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What an excellent idea; and what fine execution. And not only these two qualities, but a third one too – real listening pleasure. All these elements mean that this latest Goldstone-Clemmow release proves just as attractive as the preceding ones. It’s also very much worth noting that we apparently have a raft of first recordings of these particular piano duet performances; the Burlingame Hill, Milhaud, Seiber, and Carmichael.

Gershwin’s own two-piano score of An American in Paris was not published at the time – after his death a different version was published – and only appeared in the 1980s. It included some short sections that he cut from the orchestral score, and this version was recorded at the time by the Labèque sisters. For this recording G and C have used Gershwin’s final thoughts on the matter, which therefore correspond with the published full score, as it were. Sometimes the effect of listening to a piece in this way is rather like trying to recognise an old friend by his skeleton, but so practised are the duo, and so enjoyable is the arrangement, and so jam-packed with colour and incident, that one listens to its teeming narrative with unvarnished pleasure. From Gershwin to Hill is something of a leap. Hill, a fascinating figure and composer – teacher no less – came to jazz, or its like, at the age of 48 with the politesse of a Harvard grandee. The opening movement of the four Jazz Studies is polite Ragtime , whilst there’s a nicely sprung near-relative of The Black Bottom and – the most interesting harmonically – a tight, fast vivace to finish.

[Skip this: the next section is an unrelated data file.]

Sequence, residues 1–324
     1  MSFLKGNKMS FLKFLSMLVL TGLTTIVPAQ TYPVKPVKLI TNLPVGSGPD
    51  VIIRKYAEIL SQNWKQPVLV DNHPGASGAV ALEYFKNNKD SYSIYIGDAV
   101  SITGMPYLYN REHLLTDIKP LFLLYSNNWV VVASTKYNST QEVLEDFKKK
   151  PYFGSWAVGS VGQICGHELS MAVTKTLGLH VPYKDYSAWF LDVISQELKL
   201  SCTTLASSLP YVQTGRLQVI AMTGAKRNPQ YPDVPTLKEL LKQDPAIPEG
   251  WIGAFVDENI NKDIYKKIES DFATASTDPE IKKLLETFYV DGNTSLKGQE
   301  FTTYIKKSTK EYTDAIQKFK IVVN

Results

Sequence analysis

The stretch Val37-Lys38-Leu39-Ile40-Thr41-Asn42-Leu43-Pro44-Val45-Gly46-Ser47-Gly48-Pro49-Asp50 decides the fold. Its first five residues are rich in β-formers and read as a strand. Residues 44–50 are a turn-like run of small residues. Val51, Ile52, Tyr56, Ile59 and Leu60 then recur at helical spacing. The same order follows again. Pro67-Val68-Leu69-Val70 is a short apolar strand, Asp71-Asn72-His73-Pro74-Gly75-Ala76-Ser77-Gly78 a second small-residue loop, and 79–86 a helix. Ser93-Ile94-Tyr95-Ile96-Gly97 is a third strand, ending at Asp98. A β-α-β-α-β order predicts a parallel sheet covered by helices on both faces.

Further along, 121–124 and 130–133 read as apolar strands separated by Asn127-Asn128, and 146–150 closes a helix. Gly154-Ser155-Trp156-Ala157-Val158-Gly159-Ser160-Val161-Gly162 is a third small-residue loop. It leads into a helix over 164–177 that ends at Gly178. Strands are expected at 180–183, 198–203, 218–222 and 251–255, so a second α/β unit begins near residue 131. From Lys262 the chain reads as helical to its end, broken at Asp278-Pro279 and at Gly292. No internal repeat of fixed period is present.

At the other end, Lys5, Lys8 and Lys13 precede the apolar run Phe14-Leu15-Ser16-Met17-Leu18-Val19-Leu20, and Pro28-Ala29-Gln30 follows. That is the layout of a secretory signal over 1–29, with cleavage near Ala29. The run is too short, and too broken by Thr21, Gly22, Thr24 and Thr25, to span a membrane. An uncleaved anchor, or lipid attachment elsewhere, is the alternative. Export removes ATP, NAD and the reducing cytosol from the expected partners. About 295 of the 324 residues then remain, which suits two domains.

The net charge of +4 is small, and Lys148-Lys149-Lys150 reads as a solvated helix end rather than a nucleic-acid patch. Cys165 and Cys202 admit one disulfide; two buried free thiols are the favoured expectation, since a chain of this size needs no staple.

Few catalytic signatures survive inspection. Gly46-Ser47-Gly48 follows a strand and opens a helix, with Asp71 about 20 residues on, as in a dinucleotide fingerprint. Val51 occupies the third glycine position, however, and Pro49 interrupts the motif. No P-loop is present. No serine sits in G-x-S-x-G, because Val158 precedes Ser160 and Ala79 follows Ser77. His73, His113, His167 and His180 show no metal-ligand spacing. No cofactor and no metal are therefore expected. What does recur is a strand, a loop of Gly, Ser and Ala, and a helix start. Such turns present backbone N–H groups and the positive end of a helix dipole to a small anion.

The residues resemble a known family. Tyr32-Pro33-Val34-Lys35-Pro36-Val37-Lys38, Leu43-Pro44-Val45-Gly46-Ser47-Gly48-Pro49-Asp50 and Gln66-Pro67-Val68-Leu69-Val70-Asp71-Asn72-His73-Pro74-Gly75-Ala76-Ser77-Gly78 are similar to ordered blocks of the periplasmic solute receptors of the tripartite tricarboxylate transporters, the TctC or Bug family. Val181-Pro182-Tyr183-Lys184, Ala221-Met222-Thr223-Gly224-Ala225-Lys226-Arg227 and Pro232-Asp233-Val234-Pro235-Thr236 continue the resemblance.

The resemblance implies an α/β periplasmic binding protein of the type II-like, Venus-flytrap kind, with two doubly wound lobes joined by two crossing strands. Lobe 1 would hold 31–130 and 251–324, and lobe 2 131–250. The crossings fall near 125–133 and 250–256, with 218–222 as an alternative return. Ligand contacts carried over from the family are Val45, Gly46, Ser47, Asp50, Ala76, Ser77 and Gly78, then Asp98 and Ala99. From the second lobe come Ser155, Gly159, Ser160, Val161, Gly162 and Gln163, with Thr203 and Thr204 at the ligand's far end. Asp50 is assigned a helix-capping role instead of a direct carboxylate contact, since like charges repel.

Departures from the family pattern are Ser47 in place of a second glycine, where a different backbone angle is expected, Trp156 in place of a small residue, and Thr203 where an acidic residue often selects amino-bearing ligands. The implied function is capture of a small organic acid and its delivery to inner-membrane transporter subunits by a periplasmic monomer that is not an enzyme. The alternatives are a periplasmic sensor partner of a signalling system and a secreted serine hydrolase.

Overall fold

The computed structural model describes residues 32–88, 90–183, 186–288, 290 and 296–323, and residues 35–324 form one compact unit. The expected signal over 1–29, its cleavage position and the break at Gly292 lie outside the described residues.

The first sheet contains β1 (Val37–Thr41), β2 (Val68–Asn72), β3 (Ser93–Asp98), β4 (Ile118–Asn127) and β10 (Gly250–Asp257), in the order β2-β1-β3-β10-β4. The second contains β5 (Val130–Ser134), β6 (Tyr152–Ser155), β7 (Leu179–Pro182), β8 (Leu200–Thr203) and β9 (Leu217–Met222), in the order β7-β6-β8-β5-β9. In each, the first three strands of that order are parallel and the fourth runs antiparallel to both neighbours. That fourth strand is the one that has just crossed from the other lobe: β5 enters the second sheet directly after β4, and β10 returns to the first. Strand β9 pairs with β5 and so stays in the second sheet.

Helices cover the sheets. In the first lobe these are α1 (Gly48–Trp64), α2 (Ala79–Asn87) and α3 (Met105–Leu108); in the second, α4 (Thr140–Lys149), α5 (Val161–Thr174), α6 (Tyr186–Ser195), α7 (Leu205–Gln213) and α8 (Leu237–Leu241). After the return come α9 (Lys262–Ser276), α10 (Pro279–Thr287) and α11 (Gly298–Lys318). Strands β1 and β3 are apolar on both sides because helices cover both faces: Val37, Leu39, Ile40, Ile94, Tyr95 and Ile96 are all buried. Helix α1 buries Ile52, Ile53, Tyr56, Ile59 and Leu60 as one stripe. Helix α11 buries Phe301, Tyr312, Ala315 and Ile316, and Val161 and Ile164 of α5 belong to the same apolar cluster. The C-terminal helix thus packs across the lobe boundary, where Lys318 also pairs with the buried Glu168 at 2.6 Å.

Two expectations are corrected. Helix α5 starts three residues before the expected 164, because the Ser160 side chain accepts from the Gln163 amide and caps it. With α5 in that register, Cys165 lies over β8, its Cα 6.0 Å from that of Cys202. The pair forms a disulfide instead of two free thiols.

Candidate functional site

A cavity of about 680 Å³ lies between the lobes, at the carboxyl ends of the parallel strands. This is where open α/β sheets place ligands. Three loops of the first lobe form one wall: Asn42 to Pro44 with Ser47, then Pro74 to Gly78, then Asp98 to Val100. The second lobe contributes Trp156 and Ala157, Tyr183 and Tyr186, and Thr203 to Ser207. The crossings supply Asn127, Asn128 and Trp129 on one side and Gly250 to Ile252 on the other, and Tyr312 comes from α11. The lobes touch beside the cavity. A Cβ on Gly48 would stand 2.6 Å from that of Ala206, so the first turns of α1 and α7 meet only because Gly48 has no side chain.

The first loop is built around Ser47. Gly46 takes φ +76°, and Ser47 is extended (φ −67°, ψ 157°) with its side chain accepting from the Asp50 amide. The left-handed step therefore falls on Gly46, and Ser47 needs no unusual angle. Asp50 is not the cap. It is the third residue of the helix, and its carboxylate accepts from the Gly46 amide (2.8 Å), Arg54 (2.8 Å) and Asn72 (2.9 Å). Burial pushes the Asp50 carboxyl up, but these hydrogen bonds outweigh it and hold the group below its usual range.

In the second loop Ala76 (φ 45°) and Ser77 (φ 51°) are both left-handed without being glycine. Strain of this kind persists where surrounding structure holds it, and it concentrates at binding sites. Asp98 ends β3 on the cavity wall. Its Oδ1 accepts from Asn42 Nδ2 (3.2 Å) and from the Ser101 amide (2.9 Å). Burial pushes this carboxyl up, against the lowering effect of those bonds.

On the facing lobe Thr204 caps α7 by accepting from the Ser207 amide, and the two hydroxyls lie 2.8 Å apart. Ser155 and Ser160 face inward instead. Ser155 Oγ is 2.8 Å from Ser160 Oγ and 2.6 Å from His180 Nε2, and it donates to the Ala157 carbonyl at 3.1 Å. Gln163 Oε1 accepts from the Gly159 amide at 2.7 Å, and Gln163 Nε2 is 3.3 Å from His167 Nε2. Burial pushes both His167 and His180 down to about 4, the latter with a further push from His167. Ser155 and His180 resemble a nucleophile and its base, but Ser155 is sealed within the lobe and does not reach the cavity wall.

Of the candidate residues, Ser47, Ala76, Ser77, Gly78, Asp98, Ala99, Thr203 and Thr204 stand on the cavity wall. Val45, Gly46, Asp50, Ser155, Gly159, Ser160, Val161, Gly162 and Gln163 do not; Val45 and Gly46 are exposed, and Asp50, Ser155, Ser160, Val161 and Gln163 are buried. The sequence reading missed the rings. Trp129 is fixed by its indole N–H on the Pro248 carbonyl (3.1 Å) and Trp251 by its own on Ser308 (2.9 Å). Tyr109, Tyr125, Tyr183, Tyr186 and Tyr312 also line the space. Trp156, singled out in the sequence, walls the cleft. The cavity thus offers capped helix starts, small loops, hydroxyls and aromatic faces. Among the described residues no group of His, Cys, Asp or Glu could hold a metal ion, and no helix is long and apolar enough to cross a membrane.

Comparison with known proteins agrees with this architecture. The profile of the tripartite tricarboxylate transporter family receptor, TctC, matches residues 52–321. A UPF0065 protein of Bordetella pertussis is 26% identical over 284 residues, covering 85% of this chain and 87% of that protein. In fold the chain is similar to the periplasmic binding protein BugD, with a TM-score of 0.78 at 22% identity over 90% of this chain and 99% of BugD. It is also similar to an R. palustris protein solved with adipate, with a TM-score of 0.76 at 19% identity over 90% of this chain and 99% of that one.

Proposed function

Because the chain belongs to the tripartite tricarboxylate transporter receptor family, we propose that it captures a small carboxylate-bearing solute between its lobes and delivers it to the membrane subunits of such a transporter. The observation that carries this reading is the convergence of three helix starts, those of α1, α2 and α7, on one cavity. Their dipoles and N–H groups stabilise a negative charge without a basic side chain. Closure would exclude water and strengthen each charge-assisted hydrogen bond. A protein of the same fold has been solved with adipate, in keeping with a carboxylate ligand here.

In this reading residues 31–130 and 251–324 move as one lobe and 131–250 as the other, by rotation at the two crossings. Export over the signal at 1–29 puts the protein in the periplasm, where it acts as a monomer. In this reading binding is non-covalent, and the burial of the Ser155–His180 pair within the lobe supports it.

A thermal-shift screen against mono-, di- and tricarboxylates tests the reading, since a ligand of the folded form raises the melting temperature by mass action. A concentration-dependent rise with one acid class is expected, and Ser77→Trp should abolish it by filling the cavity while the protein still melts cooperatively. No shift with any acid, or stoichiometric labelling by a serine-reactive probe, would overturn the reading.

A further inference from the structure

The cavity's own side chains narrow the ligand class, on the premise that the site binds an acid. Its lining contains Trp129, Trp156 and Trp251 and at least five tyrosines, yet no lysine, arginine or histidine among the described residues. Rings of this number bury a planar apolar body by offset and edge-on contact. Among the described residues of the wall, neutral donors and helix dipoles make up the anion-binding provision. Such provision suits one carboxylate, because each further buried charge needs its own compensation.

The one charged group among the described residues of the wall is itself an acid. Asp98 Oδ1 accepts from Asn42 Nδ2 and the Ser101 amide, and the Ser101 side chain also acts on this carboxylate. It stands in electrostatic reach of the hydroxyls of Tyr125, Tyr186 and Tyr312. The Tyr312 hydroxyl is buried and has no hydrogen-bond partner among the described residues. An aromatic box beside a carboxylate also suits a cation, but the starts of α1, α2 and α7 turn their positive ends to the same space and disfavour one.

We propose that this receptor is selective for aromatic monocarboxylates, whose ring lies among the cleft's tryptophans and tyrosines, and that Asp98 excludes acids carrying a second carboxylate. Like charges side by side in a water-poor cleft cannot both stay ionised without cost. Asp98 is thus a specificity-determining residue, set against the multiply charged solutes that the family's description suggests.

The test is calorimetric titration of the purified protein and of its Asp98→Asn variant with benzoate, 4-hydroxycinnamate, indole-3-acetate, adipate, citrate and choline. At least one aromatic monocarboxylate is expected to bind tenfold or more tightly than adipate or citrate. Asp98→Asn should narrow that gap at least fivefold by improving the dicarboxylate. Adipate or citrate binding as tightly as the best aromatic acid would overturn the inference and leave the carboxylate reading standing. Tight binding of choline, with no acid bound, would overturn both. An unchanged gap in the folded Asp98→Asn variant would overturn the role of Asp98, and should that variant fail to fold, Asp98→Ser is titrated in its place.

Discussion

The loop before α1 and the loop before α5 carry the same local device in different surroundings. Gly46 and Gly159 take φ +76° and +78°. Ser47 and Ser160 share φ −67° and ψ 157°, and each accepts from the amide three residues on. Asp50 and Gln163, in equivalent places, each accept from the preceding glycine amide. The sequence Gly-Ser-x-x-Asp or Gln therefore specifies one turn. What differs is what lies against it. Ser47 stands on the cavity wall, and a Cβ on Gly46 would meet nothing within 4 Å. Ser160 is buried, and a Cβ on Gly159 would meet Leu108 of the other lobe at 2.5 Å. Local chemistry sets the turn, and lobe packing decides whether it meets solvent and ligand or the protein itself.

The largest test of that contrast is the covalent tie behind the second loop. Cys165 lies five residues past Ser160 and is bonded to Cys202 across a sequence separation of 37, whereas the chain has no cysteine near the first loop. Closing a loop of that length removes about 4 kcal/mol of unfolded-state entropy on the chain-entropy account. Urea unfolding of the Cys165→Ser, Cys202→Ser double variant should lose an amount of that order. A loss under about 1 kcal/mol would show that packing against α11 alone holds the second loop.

La création du monde is heard in the composer’s familiar piano-duet version. One says ‘familiar’ but it appears actually never to have been recorded before. What an oversight! If your marker for this is the composer’s own recording (one of them, anyway) or, say, Bernstein’s then there’s still no reason why you shouldn’t want to hear Milhaud’s own piano-duet reduction, given that it lays bare motivic strands in a way that you might miss in the glistening animal passion of the clothed orchestrated version. It’s a work of which I never tire, and not for nothing did I queue in the rain to get Lenny to autograph his LP of it for me.

A decade after the Milhaud, Alexander Moyzes wrote his Jazz Sonata for two pianos. For most Czechoslovakians – Moyzes was a Slovak – ‘jazz’ still meant hot dance bands, extrapolated ragtime, or something of that kind. It certainly didn’t mean King Oliver. Moyzes studied with Novák and is a crucial figure in modern Slovak music. His suite is delightful, unpretentious and not out to make points. There’s a charmer of a waltz and an endearing foxtrot: great fun. Seiber’s Easy Dances for piano duet, of which we hear a selection, were written when the composer was living in Frankfurt . These dance aperçus almost all last less than a minute. One, the Rumba , sounds like Stan Kenton’s Peanut Vendor in basic miniature, whilst the Slow-Fox makes me wonder how deeply his knowledge of jazz went; it sounds deeper by far than Moyzes or Hill for example. (Seiber co-wrote with Johnny Dankworth the Jazz-Improvisation for orchestra and jazz band and this was recorded in 1962 with the Dankworth’s band and the LPO conducted by Hugo Rignold: British Saga LP XIP700) Had he heard James P. Johnson’s records? To finish we have two little encores; Hoagy Carmichael’s Stardust and Gershwin’s Embraceable You arranged successively by Maurice Whitney and Percy Grainger. They make for a fitting envoi.

This is a sparkling and vivacious disc, marvellously played, and not just for jazzers only.

—Jonathan Woolf